CM . . . . Volume XVIII Number 6 . . . . October 7, 2011
An uninterrupted shiny golden road runs from start to finish of this intriguing picture book, simultaneously cutting through towns, villages, woods and past oceans. A purposeful cyclist, in his cheerful red top with natty symbolic head gear, rides determinedly along this road through tunnels, over bridges, up hill and down, gathering speed on the straights and swooping around bends just to get to the end.... in order to start all over again!
At first glance, this seems to be an understated picture book, so simple that it belies the layers of complexity and detail, because the more one peruses it, the more one is delighted by its inventiveness and skill. The long road, the rhythmic text, the single-minded cyclist and the ever-changing background soon take on a mesmeric quality for the reader.
The spare deceptively simple language parallels, in complete harmony, the compulsive quality of the cyclist's perpetual journey. The illustrations also seem minimalist initially, using, as they do, a limited selection of muted tones and stylized silhouetted figures and backgrounds. The book has a very uncluttered, almost stark appearance but, in fact, harbors a myriad fascinating and whimsical surprises to be found throughout, such as whales diving in the ocean as the cyclist passes by, washing lines and shop fronts complete with advertising slogans. A child outside a library waves to the cyclist, and he waves casually back, still frenetically focused on his mission to get the end of the road.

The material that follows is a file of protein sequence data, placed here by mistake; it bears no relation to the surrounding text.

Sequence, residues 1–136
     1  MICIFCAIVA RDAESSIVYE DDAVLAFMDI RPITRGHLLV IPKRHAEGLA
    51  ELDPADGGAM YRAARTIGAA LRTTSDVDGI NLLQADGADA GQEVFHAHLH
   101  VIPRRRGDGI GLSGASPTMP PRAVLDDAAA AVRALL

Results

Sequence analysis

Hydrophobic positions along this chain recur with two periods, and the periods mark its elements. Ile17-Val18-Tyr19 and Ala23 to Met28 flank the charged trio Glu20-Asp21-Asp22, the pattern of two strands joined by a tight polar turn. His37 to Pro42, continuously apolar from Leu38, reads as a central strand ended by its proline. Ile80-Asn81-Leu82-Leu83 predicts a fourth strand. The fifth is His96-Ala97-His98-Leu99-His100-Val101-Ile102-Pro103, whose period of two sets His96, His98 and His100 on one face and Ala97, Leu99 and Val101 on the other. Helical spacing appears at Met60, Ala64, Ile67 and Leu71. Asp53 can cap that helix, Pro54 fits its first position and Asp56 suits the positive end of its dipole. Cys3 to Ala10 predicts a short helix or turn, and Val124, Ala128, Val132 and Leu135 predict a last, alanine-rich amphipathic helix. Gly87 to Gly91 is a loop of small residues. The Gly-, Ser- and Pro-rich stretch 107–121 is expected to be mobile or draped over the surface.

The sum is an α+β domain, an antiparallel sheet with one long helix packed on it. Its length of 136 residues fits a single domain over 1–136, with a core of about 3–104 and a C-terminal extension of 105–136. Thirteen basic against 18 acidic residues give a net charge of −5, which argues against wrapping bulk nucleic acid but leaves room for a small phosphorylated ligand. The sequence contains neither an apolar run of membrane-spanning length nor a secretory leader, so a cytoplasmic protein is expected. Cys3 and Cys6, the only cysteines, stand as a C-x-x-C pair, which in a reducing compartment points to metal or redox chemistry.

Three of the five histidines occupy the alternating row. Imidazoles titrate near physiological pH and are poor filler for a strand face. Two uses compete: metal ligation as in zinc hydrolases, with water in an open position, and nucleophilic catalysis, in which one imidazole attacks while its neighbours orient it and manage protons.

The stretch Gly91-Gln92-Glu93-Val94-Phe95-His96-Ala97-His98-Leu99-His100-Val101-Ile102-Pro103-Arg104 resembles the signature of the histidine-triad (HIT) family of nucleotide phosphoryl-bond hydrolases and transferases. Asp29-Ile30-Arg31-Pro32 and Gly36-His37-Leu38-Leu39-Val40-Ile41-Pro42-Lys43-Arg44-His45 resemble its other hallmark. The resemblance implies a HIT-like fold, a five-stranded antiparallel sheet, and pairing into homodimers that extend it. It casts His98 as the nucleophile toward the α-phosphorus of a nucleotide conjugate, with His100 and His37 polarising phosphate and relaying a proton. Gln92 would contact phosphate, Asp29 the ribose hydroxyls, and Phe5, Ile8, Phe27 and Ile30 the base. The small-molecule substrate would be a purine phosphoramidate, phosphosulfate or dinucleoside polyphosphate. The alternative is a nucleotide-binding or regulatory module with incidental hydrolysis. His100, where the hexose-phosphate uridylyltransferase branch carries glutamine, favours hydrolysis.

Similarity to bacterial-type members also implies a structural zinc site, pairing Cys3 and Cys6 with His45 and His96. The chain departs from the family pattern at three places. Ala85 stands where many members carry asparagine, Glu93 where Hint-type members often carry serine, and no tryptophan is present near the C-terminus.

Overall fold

This title was originally created as one continuous, thirty-five-foot-long piece of art that must be amazing to see. Frank Viva is an award-winning illustrator and graphic designer whose work has appeared in Esquire, Time and the New Yorker. Although this is his first venture into children's books, he is not new to the world of cycling, having pedaled his way through a variety of countries!!
Along a Long Road is aimed at children aged 4-8, but I can think of many older folk who will love to share this book, including quirky cycling and non-cycling parents, teachers who will appreciate its repetition and patterning as a classroom tool, and librarians who can share it at story-time. In fact, I can't think of anybody who wouldn't be delighted with this book.
Aileen Wortley, a retired librarian, lives in Toronto, ON.
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